ghost

Exploring Royal Masonic School for Boys Bushey Abandoned boys school masonic lodge

Exploring Royal Masonic School for Boys
Exploring Royal Masonic School for Boys
Exploring Royal Masonic School for Boys
Exploring Royal Masonic School for Boys

The Royal Masonic School for Boys was an independent school for boys in England.

From 1798 charities were set up for clothing and educating sons of needy Freemasons. They originally provided education by sending them to schools near to their homes. A specific masonic boys’ school was set up at Wood Green in North London in 1857 following amalgamation of the charities in 1852.

A new school was built in Bushey, Hertfordshire in 1903 and a Junior School was added on the other side of The Avenue in 1929. By 1939 there were 800 boys at the school.Following a decline in pupil numbers the junior school closed in 1970; the site is now occupied by Bushey Academy. Numbers continued to fall, and the senior school closed in 1977. For a time, the buildings housed the United States International University (Europe). Both schools were commonly used for films (such as Monty Python’s The Meaning of Life, Lucky Jim (twice), Indiana Jones and the Last Crusade and numerous TV shows) from the 1950s until recently. They have now been redeveloped as luxury housing.

Exploring Royal Masonic School for Boys
Exploring Royal Masonic School for Boys

Exploring Royal Masonic School for Boys
Exploring Royal Masonic School for Boys
Exploring Royal Masonic School for Boys
Exploring Royal Masonic School for Boys

Exploring Royal Masonic School for Boys
Exploring Royal Masonic School for Boys
Exploring Royal Masonic School for Boys
Exploring Royal Masonic School for Boys
Exploring Royal Masonic School for Boys
Exploring Royal Masonic School for Boys
Exploring Royal Masonic School for Boys
Exploring Royal Masonic School for Boys

Exploring Royal Masonic School for Boys
Exploring Royal Masonic School for Boys
Exploring Royal Masonic School for Boys
Exploring Royal Masonic School for Boys
Exploring Royal Masonic School for Boys
Exploring Royal Masonic School for Boys

Exploring Royal Masonic School for Boys
Exploring Royal Masonic School for Boys

Creepy abandoned theme park with roller coaster, ghost train, water slide | Abandoned UK

Camelot Theme Park is an abandoned resort and theme park located in the English county of Lancashire. The park’s theme was the well known legend of Camelot, and the park decor incorporated pseudo medieval elements. It was located on a 140-acre (0.57 km2; 0.22 sq mi) site near the village of Charnock Richard, 3 miles (4.8 km) west of Chorley.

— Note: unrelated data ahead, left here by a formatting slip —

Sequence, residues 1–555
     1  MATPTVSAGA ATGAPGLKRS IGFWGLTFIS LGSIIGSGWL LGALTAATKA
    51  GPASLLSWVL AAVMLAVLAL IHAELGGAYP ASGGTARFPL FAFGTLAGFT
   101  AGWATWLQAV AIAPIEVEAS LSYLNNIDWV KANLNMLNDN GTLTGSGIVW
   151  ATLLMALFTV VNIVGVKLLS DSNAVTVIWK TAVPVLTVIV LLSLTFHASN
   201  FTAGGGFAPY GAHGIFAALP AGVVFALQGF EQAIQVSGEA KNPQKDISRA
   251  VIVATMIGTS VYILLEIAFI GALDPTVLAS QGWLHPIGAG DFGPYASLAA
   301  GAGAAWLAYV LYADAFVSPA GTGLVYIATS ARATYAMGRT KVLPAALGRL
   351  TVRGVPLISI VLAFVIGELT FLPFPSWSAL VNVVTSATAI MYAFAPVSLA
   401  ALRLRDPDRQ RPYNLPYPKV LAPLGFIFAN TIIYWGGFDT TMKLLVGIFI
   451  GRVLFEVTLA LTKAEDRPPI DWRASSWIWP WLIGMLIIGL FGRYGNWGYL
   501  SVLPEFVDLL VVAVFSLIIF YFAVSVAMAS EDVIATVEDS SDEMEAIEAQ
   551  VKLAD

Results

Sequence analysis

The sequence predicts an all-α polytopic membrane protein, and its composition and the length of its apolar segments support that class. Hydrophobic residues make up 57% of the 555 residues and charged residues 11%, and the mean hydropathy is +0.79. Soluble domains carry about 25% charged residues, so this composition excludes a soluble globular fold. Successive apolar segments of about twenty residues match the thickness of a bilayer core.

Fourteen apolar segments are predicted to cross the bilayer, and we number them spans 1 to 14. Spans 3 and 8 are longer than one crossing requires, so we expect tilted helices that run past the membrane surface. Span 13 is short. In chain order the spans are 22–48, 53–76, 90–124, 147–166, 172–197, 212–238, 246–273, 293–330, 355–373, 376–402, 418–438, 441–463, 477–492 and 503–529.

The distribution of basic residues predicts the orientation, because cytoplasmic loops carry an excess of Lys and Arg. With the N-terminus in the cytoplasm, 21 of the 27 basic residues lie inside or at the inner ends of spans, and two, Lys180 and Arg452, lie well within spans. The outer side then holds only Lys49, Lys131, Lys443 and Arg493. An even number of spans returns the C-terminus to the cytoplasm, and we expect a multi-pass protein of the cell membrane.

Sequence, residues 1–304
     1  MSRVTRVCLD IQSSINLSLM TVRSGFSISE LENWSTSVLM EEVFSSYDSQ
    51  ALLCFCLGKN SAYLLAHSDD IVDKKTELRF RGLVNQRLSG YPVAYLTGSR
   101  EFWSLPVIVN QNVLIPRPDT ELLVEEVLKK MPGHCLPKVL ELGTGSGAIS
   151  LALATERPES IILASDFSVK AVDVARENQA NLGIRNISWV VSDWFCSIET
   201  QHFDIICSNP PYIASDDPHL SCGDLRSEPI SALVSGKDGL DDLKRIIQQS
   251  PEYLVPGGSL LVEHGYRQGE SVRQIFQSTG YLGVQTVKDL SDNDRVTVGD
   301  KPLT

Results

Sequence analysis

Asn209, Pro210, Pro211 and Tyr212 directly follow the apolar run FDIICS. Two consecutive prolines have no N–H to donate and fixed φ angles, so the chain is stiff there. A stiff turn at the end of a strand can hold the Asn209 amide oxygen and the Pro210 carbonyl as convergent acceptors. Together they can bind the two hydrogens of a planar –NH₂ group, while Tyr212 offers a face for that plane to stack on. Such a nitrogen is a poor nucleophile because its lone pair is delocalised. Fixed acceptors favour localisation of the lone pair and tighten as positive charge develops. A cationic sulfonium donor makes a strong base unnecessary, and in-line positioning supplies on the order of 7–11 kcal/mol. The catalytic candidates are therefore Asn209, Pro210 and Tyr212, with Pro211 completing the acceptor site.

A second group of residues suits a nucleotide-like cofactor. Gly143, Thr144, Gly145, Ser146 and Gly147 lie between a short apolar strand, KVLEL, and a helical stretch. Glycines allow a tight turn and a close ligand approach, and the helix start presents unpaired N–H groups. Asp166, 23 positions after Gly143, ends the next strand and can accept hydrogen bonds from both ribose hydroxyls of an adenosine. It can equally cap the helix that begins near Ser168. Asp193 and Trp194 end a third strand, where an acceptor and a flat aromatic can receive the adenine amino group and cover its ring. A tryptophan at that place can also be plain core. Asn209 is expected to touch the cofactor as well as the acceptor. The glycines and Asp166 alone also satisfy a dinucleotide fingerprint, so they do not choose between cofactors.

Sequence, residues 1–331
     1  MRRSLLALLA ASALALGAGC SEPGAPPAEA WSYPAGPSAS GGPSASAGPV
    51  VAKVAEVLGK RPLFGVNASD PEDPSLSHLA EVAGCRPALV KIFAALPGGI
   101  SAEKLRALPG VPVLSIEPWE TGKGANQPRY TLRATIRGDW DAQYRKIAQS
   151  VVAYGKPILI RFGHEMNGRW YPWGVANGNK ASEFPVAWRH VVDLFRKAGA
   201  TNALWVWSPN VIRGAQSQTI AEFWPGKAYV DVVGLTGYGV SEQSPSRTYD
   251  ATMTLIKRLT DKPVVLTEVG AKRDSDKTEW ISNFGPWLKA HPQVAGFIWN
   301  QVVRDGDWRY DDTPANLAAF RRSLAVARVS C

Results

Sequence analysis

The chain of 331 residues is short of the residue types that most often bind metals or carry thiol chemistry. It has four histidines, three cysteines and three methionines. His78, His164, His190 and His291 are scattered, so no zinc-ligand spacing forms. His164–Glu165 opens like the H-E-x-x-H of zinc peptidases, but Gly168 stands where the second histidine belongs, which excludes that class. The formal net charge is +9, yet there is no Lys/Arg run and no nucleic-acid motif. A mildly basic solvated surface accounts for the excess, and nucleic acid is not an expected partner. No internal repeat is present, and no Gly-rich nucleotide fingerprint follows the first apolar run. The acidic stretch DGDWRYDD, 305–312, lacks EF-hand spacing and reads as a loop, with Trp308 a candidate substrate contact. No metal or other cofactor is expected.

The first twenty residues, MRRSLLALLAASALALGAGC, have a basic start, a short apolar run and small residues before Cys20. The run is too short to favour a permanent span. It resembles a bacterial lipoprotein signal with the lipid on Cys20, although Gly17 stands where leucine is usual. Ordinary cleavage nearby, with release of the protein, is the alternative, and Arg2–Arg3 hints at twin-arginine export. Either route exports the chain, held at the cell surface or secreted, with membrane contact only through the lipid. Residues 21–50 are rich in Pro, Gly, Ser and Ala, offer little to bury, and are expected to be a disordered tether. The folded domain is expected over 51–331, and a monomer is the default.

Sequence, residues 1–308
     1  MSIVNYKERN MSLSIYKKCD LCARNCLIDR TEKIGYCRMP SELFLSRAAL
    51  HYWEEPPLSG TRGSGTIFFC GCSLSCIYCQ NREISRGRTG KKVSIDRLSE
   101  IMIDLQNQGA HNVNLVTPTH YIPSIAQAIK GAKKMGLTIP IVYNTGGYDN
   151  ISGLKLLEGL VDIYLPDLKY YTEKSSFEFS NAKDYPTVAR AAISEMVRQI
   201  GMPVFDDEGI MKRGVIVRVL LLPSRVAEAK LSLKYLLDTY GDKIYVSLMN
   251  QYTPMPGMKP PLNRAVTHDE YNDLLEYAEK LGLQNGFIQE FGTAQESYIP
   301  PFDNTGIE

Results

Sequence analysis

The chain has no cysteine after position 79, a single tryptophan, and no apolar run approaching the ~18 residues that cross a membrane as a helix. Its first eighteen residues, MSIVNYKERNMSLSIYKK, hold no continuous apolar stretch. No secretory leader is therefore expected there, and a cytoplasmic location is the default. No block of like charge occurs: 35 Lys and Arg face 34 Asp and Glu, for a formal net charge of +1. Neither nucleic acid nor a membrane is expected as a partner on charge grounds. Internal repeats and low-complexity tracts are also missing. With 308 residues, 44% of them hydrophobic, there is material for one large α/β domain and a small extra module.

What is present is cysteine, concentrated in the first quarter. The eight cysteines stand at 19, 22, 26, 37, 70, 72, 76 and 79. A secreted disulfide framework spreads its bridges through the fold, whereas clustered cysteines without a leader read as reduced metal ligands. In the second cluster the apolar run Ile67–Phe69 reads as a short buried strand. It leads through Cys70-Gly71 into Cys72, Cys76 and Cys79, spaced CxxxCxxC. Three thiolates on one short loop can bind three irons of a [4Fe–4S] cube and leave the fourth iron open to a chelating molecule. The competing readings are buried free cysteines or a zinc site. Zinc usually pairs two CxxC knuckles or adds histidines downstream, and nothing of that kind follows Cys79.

One of the rollercoasters can be seen from the M6 near the Charnock Richard Services. The site was owned by The Story Group, and was operated by Knights Leisure. The park featured many rides, taking a target audience of families and younger children, however the park also boasted numerous thrill rides and roller coasters, including Whirlwind (a Maurer Söhne spinning coaster), Knightmare and Excalibur.

The park was featured in a 1994 episode of Sooty & Co., in which presenter Matthew Corbett takes Sooty, Sweep and Soo there. During the season of 2012, Camelot suddenly announced that they would not be reopening for the season of 2013.

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More information and hi-res photos at http://hdrphoto.co.uk

Abandoned theme park
Abandoned theme park
Abandoned theme park
Abandoned theme park

Abandoned theme park
Abandoned theme park
Abandoned theme park
Abandoned theme park
Abandoned theme park
Abandoned theme park
Abandoned theme park
Abandoned theme park

Abandoned theme park
Abandoned theme park
Abandoned theme park
Abandoned theme park
Abandoned theme park
Abandoned theme park
Abandoned theme park
Abandoned theme park

Abandoned theme park
Abandoned theme park
Abandoned theme park
Abandoned theme park
Abandoned theme park
Abandoned theme park
Abandoned theme park
Abandoned theme park
Abandoned theme park
Abandoned theme park

Lillesden school for girls

Lillesden School for Girls occupies what used to be the Lillesden Estate Mansion, built at the estate (south of Hawkhurst) by the banker Edward Loyd, who co-founded the Loyd Entwistle & Co bank, which later became the District Bank and ultimately the National Westminster (Natwest). Loyd had Lillesden Mansion built after he married Caroline Louisa Foster on the 12th March 1846 at Ashton-on-Mersey. He bought the Lillesden estate at Hawkhurst, Kent in 1853 and built the mansion, finished in 1855.

Lillesden School for girls
Lillesden School for girls

Lillesden School for girls
Lillesden School for girls
Lillesden School for girls
Lillesden School for girls
Lillesden School for girls
Lillesden School for girls
Lillesden School for girls
Lillesden School for girls

Lillesden School for girls
Lillesden School for girls
Lillesden School for girls
Lillesden School for girls
Lillesden School for girls
Lillesden School for girls
Lillesden School for girls
Lillesden School for girls

Lillesden School for girls
Lillesden School for girls
Lillesden School for girls
Lillesden School for girls
Lillesden School for girls
Lillesden School for girls

Let the music play on

An old photograph from a few years ago which I have reworked. Taken at Bull manor ‘Berkyn Manor’ in Slough. Once the stately home to the English poet John Milton and its latter life the Berkyn family. Earnest Rayner was the last owner in 1945 till his death in 1987 aged 96.

Taken with the Nikon D800, 5 exposures blended in Photoshop with some Nik analog effex.

Let the music play on
Let the music play on

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